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In the vast majority of the United States, notarizations are required to be performed on physical paper while physically in front of a notary. However, Virginia has authorized notaries within their state to notarize electronic documents on the basis of a digital signature & stamp, once the person seeking the notarization appears in front of the said notary (and verifies their identity) via video.

Are state or federal agencies located in other states required to accept such notarizations, if electronic notarizations aren't authorized in their location?

The National Notary Association suggests that such notarizations might be valid nation-wide on the basis of the Full Faith and Credit Clause of the Constitution:

Full faith and credit shall be given in each state to the public acts, records, and judicial proceedings of every other state.

However, I am not sure that a notarization qualifies as a public act or record.

Meanwhile, the Secretary of State of California has released an alert advising California notaries that they may not perform online notarizations. Although it does not touch upon whether Californians get receive valid notarizations from other states via the internet, it does say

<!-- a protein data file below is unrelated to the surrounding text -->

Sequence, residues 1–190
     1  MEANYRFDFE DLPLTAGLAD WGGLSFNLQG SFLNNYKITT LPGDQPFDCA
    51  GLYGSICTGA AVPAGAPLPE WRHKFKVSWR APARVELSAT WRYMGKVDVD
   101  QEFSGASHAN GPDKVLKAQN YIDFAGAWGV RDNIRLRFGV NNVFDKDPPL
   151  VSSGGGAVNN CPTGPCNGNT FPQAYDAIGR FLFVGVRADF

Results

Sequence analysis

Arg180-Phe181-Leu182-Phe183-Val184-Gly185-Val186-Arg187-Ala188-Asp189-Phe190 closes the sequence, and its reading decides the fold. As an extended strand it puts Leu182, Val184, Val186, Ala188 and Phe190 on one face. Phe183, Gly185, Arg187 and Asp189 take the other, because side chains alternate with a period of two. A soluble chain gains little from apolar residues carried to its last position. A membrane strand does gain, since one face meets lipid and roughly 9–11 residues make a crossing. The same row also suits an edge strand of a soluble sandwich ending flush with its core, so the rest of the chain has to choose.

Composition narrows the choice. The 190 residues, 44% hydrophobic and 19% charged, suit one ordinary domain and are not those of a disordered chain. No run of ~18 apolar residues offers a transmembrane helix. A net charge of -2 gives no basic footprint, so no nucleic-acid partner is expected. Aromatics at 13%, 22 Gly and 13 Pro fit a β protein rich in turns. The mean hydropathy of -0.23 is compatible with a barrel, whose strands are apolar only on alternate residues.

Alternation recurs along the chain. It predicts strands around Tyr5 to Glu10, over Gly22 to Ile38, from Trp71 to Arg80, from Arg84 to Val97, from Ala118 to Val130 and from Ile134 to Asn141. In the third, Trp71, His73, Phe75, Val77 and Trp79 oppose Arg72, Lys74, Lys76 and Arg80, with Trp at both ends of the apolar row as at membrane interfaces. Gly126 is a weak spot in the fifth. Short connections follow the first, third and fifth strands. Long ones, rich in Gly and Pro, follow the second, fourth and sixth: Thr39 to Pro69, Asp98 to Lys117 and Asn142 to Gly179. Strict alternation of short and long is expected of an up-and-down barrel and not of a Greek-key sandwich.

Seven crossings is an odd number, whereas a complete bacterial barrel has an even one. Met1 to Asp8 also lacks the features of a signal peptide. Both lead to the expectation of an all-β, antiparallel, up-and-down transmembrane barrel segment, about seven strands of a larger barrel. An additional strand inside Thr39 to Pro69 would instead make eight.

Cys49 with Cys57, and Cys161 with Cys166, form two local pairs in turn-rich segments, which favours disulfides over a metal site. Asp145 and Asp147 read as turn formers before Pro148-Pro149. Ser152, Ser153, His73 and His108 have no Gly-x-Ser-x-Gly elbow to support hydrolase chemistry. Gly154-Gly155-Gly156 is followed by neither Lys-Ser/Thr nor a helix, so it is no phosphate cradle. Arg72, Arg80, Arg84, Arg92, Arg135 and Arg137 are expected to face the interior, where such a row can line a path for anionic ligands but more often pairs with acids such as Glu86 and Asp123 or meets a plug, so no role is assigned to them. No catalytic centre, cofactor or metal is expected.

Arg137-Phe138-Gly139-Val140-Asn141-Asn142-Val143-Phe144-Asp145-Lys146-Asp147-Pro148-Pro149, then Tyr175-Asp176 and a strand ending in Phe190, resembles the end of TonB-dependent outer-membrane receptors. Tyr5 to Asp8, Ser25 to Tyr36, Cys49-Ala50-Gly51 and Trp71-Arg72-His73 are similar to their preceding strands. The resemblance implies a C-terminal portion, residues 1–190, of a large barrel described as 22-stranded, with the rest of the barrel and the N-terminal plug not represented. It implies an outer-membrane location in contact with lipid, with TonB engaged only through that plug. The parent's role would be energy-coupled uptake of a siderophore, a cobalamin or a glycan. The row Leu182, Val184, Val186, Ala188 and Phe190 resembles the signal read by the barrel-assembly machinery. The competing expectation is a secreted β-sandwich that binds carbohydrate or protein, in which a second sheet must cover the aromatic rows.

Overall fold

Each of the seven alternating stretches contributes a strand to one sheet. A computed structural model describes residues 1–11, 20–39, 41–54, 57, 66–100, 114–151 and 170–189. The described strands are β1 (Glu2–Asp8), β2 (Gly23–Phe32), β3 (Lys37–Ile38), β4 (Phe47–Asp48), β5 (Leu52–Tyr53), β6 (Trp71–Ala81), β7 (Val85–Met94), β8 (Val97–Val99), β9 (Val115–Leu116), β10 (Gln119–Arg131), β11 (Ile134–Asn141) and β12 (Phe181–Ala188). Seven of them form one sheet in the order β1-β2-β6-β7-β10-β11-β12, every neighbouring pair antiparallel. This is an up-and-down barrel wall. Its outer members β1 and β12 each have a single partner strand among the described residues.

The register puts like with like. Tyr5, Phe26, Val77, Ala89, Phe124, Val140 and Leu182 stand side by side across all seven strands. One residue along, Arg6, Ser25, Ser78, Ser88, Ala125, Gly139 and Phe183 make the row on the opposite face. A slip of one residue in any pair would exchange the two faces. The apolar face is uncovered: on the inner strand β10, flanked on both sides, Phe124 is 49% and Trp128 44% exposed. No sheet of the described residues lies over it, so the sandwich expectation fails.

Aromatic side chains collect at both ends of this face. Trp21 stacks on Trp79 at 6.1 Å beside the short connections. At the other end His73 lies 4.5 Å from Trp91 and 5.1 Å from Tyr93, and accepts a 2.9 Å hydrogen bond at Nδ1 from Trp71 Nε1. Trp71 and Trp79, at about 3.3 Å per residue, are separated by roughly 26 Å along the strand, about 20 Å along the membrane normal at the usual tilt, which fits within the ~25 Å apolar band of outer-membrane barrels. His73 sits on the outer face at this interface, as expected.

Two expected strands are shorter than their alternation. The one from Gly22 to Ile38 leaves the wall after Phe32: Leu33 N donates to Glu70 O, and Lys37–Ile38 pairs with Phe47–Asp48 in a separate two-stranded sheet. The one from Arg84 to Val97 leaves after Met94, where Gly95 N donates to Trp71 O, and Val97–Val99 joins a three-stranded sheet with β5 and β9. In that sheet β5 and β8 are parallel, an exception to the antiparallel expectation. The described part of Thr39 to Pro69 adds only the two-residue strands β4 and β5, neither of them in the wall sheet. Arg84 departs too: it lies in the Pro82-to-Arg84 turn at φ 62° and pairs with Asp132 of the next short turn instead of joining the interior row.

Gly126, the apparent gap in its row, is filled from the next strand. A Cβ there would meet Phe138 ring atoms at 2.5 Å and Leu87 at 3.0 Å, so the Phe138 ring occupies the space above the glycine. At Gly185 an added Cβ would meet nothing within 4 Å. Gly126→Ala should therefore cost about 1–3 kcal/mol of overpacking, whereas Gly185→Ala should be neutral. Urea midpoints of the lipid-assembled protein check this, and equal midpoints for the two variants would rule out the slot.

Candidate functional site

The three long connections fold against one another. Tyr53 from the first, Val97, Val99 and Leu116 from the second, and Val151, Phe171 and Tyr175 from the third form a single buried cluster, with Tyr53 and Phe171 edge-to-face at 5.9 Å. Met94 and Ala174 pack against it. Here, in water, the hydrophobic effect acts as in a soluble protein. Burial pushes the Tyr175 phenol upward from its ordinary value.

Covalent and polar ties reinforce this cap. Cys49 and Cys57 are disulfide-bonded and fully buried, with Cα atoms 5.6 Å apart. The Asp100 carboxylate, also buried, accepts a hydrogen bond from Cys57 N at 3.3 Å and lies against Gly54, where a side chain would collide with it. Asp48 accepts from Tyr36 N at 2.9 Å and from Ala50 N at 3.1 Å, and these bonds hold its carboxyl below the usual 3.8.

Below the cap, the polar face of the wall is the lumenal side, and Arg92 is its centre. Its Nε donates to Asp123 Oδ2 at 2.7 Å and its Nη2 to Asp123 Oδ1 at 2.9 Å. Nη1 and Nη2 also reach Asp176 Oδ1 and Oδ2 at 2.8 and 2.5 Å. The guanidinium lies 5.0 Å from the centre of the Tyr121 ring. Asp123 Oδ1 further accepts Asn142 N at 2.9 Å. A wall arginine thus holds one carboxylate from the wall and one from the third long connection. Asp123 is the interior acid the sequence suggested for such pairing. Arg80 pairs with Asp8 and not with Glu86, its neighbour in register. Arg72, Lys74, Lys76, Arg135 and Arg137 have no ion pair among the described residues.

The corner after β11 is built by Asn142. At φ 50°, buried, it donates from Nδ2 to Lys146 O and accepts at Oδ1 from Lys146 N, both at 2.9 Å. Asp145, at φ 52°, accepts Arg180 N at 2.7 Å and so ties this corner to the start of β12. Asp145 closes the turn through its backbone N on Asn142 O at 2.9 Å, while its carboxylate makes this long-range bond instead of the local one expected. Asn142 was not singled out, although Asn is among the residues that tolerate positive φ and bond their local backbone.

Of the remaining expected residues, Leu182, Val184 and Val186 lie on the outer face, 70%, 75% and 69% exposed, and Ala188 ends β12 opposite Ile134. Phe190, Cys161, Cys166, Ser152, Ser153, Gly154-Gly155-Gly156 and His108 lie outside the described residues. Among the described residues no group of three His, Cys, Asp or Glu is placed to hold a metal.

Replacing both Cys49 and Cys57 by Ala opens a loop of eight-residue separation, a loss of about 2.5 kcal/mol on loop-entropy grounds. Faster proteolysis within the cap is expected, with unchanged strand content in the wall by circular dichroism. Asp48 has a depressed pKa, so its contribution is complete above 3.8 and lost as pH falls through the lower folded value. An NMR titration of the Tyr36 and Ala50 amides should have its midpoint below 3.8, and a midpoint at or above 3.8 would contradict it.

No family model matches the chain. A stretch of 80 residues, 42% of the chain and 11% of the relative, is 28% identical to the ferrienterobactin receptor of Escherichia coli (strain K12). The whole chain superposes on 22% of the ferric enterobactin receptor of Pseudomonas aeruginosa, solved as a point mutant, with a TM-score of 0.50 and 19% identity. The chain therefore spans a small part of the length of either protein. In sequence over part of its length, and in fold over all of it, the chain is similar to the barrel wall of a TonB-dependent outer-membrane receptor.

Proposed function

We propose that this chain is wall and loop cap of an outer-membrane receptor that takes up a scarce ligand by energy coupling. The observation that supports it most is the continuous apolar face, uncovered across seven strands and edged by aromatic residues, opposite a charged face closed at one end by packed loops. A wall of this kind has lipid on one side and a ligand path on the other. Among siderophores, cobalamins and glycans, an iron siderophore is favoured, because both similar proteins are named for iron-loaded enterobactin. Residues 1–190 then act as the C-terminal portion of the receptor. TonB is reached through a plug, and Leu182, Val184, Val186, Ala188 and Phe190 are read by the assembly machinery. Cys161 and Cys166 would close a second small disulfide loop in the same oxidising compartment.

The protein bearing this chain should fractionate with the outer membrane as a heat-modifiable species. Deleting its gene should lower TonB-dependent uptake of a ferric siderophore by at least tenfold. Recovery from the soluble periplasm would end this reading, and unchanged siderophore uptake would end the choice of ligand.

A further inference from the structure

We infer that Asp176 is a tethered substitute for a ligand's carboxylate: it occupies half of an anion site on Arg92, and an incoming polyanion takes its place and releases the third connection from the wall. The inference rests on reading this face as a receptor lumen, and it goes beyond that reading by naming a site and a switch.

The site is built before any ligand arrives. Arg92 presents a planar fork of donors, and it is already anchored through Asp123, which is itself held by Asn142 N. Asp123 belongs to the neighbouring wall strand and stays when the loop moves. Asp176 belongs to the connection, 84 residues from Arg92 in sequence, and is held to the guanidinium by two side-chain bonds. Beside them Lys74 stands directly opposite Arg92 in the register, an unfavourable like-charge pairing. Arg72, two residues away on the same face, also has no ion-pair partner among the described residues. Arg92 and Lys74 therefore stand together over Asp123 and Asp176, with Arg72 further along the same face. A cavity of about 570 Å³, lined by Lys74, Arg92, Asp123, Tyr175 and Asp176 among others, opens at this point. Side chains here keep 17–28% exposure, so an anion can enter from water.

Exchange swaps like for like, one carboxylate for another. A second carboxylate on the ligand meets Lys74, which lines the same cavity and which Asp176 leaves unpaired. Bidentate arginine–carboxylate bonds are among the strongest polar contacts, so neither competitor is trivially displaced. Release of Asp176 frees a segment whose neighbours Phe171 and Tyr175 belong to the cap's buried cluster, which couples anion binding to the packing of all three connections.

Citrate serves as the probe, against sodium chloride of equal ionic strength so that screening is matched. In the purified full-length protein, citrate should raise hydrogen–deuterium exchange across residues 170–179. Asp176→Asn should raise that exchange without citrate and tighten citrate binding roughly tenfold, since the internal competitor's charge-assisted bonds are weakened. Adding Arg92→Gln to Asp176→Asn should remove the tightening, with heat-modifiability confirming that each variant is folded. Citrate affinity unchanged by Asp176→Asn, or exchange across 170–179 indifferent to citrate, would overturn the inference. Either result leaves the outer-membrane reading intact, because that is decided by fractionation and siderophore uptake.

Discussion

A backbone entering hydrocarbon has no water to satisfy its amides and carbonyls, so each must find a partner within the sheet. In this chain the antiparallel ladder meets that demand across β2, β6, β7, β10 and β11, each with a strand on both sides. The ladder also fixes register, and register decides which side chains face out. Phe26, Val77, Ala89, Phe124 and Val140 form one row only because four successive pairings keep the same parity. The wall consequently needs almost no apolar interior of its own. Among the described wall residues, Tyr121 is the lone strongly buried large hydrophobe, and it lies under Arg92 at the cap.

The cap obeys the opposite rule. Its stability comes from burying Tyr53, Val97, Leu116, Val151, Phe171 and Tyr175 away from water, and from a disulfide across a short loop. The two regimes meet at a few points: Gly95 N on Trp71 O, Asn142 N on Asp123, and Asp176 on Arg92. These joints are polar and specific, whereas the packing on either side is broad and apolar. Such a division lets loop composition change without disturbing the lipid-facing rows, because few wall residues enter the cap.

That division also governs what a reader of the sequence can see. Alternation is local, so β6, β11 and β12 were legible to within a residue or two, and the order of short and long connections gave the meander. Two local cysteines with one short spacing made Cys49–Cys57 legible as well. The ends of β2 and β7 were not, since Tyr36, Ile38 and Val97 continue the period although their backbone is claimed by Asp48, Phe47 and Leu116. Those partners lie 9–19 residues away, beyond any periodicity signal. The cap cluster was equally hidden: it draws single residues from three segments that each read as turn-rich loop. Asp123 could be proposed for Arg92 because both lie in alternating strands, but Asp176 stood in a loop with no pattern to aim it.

California law requires a person to appear personally before a notary public to obtain notarial acts like acknowledgments or jurats. This means the party must be physically present before the notary public.

Hence my question. If a state or federal agency is operating in a jurisdiction that does not allow online notarizations, are such notarizations from other states over the internet valid? In other words, must a public agency in CA, for example, accept the notarization received by a Californian over the internet from an electronic notary in Virginia?

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